The most difficult thing about trademarks

by | Sep 20, 2023 | Insights | 0 comments

Trademark law is a very complex and nuanced area of law, but the most difficult thing about trademarks is that it is very subjective. There are no algorithms or formulas that can definitively determine whether a trademark is sufficiently distinctive, or whether there exists a likelihood of confusion between two marks. Although there are rules guiding this decision-making, in the end, the assessment is always very subjective.

Says who?

Who’s to say whether marks XYZ and XVZ are confusingly similar? Who’s to say whether “Tundra” is geographically descriptive, designating a place from where products originate? Or is it just suggestive of the nature of products (for example, suggesting the warmth of a winter jacket)? There is always a person or a group of persons whose opinion that it. Often, it is difficult to know what the correct answer is because there is no “correct” answer.

A couple of years ago, we filed a trademark application for a client. The application was refused on the grounds that it was descriptive of the products (in our opinion, it was not). About a year later, we filed exactly the same trademark for the same products. This time the application was examined and accepted without any hiccups in just 16 days. Here’s another example. According to EUIPO, “Helsinki” (capital of Finland) is a geographically descriptive term for clothing, but “Stockholm” (capital of Sweden) is not.

EU trademark law is particularly difficult to predict

Assessing trademark matters is particularly difficult at the EU level. Whether it is distinctiveness or the likelihood of confusion, this is assessed from the point of view of an average consumer. The EU is comprised of 27 countries, each with its own language, culture, and heritage. Not only is it difficult to know what an average European consumer would think of something, but also the persons who assess this question come from over 20 different countries (again, each with their own unique language, culture, and heritage). For example, whether a trademark is “accepted principles of morality” and therefore not registrable depends very much on whether the person making the assessment comes from the Catholic South or Protestant North.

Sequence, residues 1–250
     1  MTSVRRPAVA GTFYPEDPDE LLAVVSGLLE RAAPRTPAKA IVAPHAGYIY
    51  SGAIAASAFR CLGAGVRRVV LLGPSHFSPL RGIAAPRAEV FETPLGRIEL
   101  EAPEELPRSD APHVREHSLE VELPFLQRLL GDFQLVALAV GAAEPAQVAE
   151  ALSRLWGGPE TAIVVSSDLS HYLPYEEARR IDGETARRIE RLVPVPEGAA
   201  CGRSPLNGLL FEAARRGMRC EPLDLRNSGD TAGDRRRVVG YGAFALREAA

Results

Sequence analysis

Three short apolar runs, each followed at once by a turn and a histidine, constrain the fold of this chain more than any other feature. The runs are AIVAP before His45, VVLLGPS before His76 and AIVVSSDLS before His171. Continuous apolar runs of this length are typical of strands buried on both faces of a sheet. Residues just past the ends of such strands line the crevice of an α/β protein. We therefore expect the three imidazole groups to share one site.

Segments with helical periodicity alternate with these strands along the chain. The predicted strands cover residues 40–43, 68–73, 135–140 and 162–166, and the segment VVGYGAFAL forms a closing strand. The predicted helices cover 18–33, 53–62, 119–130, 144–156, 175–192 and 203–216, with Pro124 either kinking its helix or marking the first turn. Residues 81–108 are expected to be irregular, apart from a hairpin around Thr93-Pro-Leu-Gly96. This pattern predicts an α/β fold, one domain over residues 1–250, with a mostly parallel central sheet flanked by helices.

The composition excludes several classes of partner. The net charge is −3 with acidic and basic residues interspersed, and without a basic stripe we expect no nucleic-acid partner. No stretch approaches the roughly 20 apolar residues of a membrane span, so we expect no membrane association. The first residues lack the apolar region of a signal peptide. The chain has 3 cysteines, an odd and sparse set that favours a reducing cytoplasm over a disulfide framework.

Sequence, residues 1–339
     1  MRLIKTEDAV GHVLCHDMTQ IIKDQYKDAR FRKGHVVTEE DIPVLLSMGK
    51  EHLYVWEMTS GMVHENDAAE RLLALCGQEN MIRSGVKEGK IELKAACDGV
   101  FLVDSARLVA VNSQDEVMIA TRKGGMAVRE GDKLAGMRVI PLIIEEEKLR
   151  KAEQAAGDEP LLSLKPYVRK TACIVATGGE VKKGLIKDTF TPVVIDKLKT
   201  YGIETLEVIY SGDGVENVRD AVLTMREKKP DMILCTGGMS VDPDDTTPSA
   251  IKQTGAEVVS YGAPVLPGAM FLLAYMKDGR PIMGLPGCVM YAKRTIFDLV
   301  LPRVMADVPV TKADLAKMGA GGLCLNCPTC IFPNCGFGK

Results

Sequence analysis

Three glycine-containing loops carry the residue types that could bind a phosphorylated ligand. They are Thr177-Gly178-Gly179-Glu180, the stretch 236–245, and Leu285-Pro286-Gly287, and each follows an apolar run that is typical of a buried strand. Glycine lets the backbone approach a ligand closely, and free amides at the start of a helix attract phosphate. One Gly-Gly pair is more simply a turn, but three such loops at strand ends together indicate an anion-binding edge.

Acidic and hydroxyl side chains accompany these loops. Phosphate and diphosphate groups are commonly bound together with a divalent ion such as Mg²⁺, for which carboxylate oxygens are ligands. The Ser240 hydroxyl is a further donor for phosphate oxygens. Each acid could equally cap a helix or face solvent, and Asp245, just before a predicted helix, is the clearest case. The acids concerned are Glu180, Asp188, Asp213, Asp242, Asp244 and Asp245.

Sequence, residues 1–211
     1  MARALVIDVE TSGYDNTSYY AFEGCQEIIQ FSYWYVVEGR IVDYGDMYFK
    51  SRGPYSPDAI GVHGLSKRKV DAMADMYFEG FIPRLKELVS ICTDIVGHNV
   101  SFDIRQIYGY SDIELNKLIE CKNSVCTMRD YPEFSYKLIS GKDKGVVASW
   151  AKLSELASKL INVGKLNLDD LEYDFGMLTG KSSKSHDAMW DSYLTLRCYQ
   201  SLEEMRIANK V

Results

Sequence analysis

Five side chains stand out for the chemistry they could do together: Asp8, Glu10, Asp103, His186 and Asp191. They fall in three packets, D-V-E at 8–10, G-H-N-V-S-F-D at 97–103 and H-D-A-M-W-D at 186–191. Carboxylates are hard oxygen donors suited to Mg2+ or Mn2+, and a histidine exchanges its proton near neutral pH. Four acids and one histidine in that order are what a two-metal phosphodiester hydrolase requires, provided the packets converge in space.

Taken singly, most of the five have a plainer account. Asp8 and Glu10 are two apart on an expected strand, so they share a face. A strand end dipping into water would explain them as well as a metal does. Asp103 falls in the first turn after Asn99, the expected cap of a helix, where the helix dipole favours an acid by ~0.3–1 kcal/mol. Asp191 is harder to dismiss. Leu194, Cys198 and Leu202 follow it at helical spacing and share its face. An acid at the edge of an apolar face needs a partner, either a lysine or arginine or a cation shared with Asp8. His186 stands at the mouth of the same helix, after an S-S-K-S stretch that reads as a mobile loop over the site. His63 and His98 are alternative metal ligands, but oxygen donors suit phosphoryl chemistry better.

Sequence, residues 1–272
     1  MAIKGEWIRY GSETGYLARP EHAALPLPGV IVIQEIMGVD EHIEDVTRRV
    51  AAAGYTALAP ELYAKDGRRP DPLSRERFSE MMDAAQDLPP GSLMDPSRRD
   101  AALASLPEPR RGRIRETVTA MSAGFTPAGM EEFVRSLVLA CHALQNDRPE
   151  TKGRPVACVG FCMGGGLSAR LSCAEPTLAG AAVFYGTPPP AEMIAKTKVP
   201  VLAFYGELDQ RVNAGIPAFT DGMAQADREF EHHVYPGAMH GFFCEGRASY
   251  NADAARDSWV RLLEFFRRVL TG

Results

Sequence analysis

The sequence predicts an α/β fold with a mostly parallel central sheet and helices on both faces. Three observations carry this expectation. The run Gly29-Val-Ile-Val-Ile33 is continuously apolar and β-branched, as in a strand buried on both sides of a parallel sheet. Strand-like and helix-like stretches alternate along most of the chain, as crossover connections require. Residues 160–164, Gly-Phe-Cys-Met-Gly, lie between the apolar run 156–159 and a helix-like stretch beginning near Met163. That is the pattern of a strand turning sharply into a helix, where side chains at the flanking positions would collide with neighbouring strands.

It is easy to say when a trademark is clearly distinctive or clearly non-distinctive. However, a great majority of trademarks fall somewhere in between. The same applies to conflicts between two marks. 

It’s not about lack of rules

Even the best legal assessment is often a calculation of probabilities. All of this does not mean that the decisions are arbitrary. There are a lot of legal rules and precedents that guide the decision-making. The European Court of Justice has given hundreds of trademark decisions, and the EUIPO’s Practice Manual contains nearly 2000 pages explaining how a given situation should be decided.

Here are some examples that determine how an “average consumer” thinks of trademarks and the likelihood of confusion, according to the “rules”:

  • First, She is reasonably observant and circumspect
  • She does not get a chance to compare the marks side by side but relies on an imperfect recollection
  • She places more emphasis on the dominant elements of the mark
  • She puts more emphasis on the beginning of the mark than on the end
  • She perceives the mark as a whole and does not analyse its various details
  • She will, however, break the mark down into elements that suggest a specific meaning or that resemble words she knows

These are just some examples of the rules that govern the decision-making. It is not the lack of rules that is the problem. The problem is that at the end of the day, it is always a human judgment that has to be made.

Of course, it would be possible to make some aspects of trademark law more certain. For example, it would be possible to make a definitive list of all goods and services assessed against every other goods and or service. Using EUIPO’s database of goods and services (TmClass), this list would contain approximately 7.6 billion pairs, be approximately 160 million pages long, and if printed, be about 16 meters tall.

These kinds of rules would bring more certainty, but would it be possible to contemplate every possible scenario and have a fair off-the-shelf solution to it? Probably not. Many of the current rules are very detailed and specific, but in the end, there is always room for discretion and individual judgment. 

Conclusion

As the above examples show, it is often difficult to predict how a particular case is decided. Sometimes seemingly identical cases are decided differently. This is also why your trademark attorney occasionally gets things wrong. It is not their incompetence or lack of knowledge (although, it could be that, too). 

See also

How is your EU trademark examined?
EU trademark distinctiveness – what languages should you consider

Related Posts

Can you trademark a painting?

Can you trademark a painting?

Have you ever wondered if you can trademark a painting? After all, who wouldn’t like to have exclusive rights to DaVinci’s Mona Lisa or Picasso’s Guernica, when used for merchandise?